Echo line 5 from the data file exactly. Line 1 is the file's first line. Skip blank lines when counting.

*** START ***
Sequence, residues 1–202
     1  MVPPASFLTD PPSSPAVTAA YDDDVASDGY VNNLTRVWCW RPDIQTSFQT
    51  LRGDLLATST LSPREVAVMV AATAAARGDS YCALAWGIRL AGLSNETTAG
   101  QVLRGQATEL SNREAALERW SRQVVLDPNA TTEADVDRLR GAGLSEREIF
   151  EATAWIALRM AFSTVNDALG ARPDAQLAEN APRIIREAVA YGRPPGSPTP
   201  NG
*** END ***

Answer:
   151  EATAWIALRM AFSTVNDALG ARPDAQLAEN APRIIREAVA YGRPPGSPTP